A ‘bio-scoring’ system, developed by School of Veterinary Medicine researchers, gives veterinarians and pet owners a clearer way to plan treatment.
Mammary tumors in dogs are the equivalent of breast cancers in people, and, as in the human disease, the canine tumors can manifest in a variety of ways. Some are diagnosed early, others late, and they can be either slow growing or aggressive.
Yet current prognostic tools, which provide information about the tumor stage—how large or dispersed it is—and grade—how likely it is to grow quickly—don’t always give veterinarians or owners a clear picture of how a tumor is going to progress, and what treatments might be most appropriate.
A new “bio-scoring” system, devised by a team led by Karin Sorenmo, a veterinary oncologist at Penn’s School of Veterinary Medicine, equips clinicians with a more reliable prognosticating method. The researchers shared their work in the journal Veterinary and Comparative Oncology.
“Mammary gland carcinomas are the most common tumors in intact dogs around the world,” says Sorenmo. “Yet we still haven’t made great progress in deciding which dogs are fine with just surgical treatment, which dogs might require chemotherapy, and which dogs might benefit from hormonal treatment. In testing this new approach, we found it helps identify the dogs that develop metastasis better than other methods. I’m very excited about it.”
To develop and assess this new scoring method, Sorenmo relied on a unique dataset that emerged from Penn Vet’s Shelter Canine Mammary Tumor Program. This initiative, spearheaded by Sorenmo, enables shelter dogs to receive treatment for their mammary tumors, then finds foster or permanent homes for each animal. Researchers such as Sorenmo and others benefit from studying the dogs, including how they respond to treatment.
The current work took data from 96 dogs treated through the program, as well as an additional 31 dogs treated in a similar fashion at the Norwegian University of Life Sciences. The records they used included the pets’ disease stage, grade, treatments received, and outcome—specifically, the time to metastasis, or spread of their disease within the body.
The “golden rule” for determining treatment currently, Sorenmo says, is to look at tumor stage, from stage I when the tumor is localized and small, up to stage IV when it has spread to distant organs.
“That’s fine for some tumors that tend to behave in a certain way,” Sorenmo notes, “but with mammary tumors it can be such a diverse disease.”
Dogs can have advanced stage disease but, if their tumor has a low grade—that is, it is not fast-growing—they may have a better outcome than a dog with a lower stage but a more advanced grade. In addition, a tumor’s histology, or the molecular markers that characterize the cancer cells, can further influence its behavior and the eventual outcome of treatment.
“We really didn’t have a system to pull all the data together,” Sorenomo says.
Looking to human oncology, Sorenmo and colleagues decided to borrow the idea of a scoring method that has been used to categorize breast cancers. They pulled together three pieces of information to attempt to more accurately determine a dog’s prognosis: stage, grade, and histological type.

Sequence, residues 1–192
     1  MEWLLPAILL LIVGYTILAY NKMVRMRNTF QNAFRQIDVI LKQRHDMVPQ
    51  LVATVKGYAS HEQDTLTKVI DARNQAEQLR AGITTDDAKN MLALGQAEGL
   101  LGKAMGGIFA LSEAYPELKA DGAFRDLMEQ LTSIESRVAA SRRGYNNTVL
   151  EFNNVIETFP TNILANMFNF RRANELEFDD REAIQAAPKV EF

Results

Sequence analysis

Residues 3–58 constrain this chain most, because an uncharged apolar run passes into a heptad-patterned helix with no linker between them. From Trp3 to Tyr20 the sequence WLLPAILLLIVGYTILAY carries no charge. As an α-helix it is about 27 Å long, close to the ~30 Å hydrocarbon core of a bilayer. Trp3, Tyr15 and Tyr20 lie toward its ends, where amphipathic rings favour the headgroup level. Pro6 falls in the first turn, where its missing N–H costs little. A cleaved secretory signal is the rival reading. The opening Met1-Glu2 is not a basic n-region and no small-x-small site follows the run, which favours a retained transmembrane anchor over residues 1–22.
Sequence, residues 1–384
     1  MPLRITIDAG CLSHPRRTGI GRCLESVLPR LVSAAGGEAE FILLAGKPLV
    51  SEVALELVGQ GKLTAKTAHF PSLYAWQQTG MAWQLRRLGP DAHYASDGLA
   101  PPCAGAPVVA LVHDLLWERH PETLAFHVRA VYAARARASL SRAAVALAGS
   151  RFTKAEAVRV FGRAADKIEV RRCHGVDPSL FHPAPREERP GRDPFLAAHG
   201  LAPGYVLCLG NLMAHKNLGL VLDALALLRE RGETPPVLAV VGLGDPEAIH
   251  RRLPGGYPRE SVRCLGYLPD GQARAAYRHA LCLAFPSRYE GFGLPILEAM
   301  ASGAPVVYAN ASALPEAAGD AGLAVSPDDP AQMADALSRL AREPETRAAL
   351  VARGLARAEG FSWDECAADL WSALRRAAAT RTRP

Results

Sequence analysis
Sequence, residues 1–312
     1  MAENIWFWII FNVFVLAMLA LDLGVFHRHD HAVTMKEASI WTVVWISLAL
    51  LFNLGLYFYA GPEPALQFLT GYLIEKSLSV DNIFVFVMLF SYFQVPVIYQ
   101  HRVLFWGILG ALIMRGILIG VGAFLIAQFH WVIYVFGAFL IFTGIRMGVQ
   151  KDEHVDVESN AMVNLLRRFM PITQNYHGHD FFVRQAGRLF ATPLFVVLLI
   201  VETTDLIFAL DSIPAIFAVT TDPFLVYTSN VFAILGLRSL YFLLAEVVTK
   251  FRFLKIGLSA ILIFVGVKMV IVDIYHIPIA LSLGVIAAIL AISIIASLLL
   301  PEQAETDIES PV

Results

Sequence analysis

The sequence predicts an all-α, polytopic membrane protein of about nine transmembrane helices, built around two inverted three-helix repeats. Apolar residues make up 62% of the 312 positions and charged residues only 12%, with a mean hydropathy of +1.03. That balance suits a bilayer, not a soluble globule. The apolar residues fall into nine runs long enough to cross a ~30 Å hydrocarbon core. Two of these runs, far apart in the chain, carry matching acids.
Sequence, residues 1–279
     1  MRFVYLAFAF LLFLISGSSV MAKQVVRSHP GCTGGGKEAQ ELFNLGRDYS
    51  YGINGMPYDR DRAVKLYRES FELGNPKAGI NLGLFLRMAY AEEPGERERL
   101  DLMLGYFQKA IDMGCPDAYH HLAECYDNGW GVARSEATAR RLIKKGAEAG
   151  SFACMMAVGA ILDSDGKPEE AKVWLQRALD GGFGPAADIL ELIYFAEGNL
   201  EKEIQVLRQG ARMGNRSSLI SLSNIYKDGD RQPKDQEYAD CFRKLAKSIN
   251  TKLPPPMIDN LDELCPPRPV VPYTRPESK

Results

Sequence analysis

Some interesting findings arose from the statistical analysis. “We found that if you had a grade 1 tumor, no matter how large it gets, the vast majority of the time it doesn’t cause any trouble,” she says.
Since a good number of the dogs in the study had experienced long delays in receiving care due to being abandoned or in shelters, and thus had larger tumors than one would expect to see in the pet populations, the researchers were able to detect this size-independent effect.
“It’s the same thing with lymph node involvement,” says Sorenmo. “Everyone thinks that is a sign that the cancer has already started to move, but again we found that with a grade 1 tumor it doesn’t matter. Those dogs didn’t develop distant metastasis.”
Using the overall bio-score, the researchers were able to differentiate dogs at lower risk of developing metastasis from those at a higher risk. If a pet has a higher bio-score, Sorenmo says, then a veterinarian or an owner may want to consider more aggressive treatment options, including chemotherapy. Dogs with a lower bio-score, on the other hand, may do just as well with surgical intervention alone.
In future work, Sorenmo would like to build on these findings by isolating the effect of hormones on mammary tumor and disease progression. Since the standard of care for treating dogs in the program is to spay them, she notes that doing so may remove a source of hormones that could be contributing to the dogs’ disease in many cases.
For now, she is glad to have developed a system that can be implemented easily and immediately into treatment planning decisions.
“I try not to publish on things that most practicing veterinarians are not going to be able to use, like fancy tests that they won’t routinely order,” Sorenmo says. “This is practical. You look at three different things, given them a number and add it up.”
Karin Sorenmo is a professor of oncology in the University of Pennsylvania School of Veterinary Medicine.
Sorenmo’s coauthors were Amy C. Durham, Michael C. Goldschmidt, and Darko Stefanovski of Penn Vet; Veronica Kristiansen of the Norwegian University of Life Sciences; and Laura Pena of Complutense University of Madrid.
The study was supported by the Penn Vet Shelter Canine Mammary Tumor Program, the Petco Foundation, and Blue Buffalo.